Serious allergic reactions: Allergic reactions can happen in people taking fluoroquinolones, including ofloxacin tablets, even after only one dose. Stop taking ofloxacin and get emergency medical help right away if you get any of the following symptoms of a severe allergic reaction:
- trouble breathing or swallowing
- swelling of the lips, tongue, face
- throat tightness, hoarseness
- rapid heartbeat
- Yellowing of the skin or eyes. Stop taking ofloxacin tablets and tell your healthcare provider right away if you get yellowing of your skin or white part of your eyes, or if you have dark urine. These can be signs of a serious reaction to ofloxacin tablets(a liver problem).
Skin rash: Skin rash may happen in people taking ofloxacin tablets, even after only one dose. Stop taking ofloxacin tablets at the first sign of a skin rash and call your healthcare provider. Skin rash may be sign of a more serious reaction to ofloxacin.
Intestine infection (Pseudomembranous colitis): Pseudomembranous colitis can happen with most antibiotics, including ofloxacin tablets. Call your healthcare provider right away if you get watery diarrhea, diarrhea that does not go away, or bloody stools. You may also have stomach cramps and a fever. Pseudomembranous colitis can happen 2 or more months after you have finished your antibiotic.
Changes in sensation and nerve damage (peripheral neuropathy): Damage to the nerves in arms, hands, legs, or feet can happen in people who take fluoroquinolones, including ofloxacin. Stop ofloxacin and talk with your healthcare provider right away if you get any of the following symptoms of peripheral neuropathy in your arms, hands, legs or feet: pain, burning, tingling, numbness, weakness. The nerve damage may be permanent.
Serious heart rhythm changes (QT prolongation and torsades de pointes): Tell your healthcare provider right away if you have a change in your heart beat (a fast or irregular heartbeat), or if you faint. Ofloxacin tablets may cause a rare heart problem known as prolongation of the QT interval. This condition can cause an abnormal heartbeat and can be very dangerous. The chances of this happening are higher in people:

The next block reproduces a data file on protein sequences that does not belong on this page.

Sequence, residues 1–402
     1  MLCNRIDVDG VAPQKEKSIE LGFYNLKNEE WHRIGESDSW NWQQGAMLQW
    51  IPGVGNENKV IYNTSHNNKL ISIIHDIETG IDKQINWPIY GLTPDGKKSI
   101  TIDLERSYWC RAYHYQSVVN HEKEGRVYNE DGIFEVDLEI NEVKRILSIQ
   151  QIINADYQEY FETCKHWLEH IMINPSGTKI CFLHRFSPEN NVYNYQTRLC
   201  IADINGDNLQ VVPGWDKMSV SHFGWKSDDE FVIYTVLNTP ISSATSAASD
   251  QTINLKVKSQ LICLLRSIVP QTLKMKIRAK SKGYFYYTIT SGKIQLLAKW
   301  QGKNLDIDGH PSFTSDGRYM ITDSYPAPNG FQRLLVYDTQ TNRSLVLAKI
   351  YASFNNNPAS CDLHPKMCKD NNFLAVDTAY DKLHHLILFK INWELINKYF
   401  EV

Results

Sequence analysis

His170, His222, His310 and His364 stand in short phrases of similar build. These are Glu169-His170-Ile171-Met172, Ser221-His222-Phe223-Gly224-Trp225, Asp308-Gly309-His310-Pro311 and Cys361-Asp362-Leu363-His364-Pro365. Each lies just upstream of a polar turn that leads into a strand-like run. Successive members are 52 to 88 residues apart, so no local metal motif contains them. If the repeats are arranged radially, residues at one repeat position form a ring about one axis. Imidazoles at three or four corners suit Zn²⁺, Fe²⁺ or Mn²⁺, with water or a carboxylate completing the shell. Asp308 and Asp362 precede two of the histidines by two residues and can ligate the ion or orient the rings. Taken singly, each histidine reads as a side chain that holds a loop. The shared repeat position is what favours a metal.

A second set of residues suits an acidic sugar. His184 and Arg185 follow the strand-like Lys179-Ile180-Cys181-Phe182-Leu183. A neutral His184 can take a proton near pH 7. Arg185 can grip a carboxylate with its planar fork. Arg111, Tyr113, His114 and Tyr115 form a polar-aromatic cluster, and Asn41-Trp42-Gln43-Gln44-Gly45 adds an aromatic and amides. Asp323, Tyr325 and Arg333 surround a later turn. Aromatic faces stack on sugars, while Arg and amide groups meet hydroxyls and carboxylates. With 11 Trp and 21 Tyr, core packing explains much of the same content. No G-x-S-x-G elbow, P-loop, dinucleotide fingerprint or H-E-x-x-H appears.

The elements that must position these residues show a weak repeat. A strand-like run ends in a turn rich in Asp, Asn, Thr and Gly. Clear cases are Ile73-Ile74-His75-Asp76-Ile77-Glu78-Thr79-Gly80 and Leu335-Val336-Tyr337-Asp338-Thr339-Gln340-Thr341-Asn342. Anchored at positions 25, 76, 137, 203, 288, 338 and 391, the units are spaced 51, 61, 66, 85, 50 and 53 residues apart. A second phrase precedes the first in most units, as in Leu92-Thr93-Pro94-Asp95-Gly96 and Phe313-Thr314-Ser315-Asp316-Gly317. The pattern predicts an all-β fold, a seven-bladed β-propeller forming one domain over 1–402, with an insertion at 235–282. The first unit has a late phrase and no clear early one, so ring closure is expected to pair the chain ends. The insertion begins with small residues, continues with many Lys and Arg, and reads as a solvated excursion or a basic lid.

- who are elderly
- with a family history of prolonged QT interval
- with low blood potassium (hypokalemia)
- who take certain medicines to control heart rhythm (antiarrhythmics).
Sensitivity to sunlight (photosensitivity): See “What should I avoid while taking ofloxacin tablets?”
Low blood sugar (hypoglycemia). People who take ofloxacin tablets and other fluoroquinolone medicines with oral anti-diabetes medicines or with insulin can get low blood sugar (hypoglycemia). Follow your healthcare provider’s instructions for how often to check your blood sugar. If you have diabetes and you get low blood sugar while taking ofloxacin tablets, stop taking ofloxacin tablets right away and call your healthcare provider right away. Your antibiotic medicine may need to be changed.
Changes in blood sugar People who take fluoroquinolone medicines with oral anti-diabetes medicines or with insulin can get low blood sugar (hypoglycemia) and high blood sugar (hyperglycemia). Follow your healthcare provider's instructions for how often to check your blood sugar. If you have diabetes and you get low blood sugar while taking ofloxacin, stop taking ofloxacin and call your healthcare provider right away. Your antibiotic medicine may need to be changed.
- The most common side effects of ofloxacin tablets include:
Ofloxacin tablets may cause false-positive urine screening results for opiates when testing is done with some commercially available kits. A positive result should be confirmed using a more specific test.
- Sleep problems
- external genital itching in women
- vaginal inflammation (vaginitis)
- taste changes
These are not all the possible side effects of Ofloxacin tablets. Tell your healthcare provider about any side effect that bothers you or that does not go away.
Call your doctor for medical advice about side effects. You may report side effects to FDA at 1- 800-FDA-1088.
How should I store ofloxacin tablets?
Store ofloxacin tablets at 20° to 25°C (68° to 77°F).
- Keep the bottle that ofloxacin tablets come in closed tightly.
- Keep ofloxacin tablets and all medicines out of the reach of children.
General Information about ofloxacin tablets
Medicines are sometimes prescribed for purposes other than those listed in a Medication Guide. Do not use ofloxacin tablets for a condition for which it is not prescribed. Do not give ofloxacin tablets to other people, even if they have the same symptoms that you have. It may harm them.
This Medication Guide summarizes the most important information about ofloxacin. If you would like more information about ofloxacin tablets, talk with your healthcare provider. You can ask your healthcare provider or pharmacist for information about ofloxacin tablets that is written for healthcare professionals. For more information call 1-888-375-3784.
What are the ingredients in ofloxacintablets?
- Active ingredient: ofloxacin
- Inactive ingredients: colloidal silicon dioxide, corn starch, hypromellose 5 cP, lactose monohydrate, magnesium stearate, polyethylene glycol, polysorbate 80, pregelatinised starch, sodium starch glycolate, synthetic yellow iron oxide (for 200 mg and 400 mg tablet), and titanium dioxide.
This Medication Guide has been approved by the U.S. Food and Drug Administration.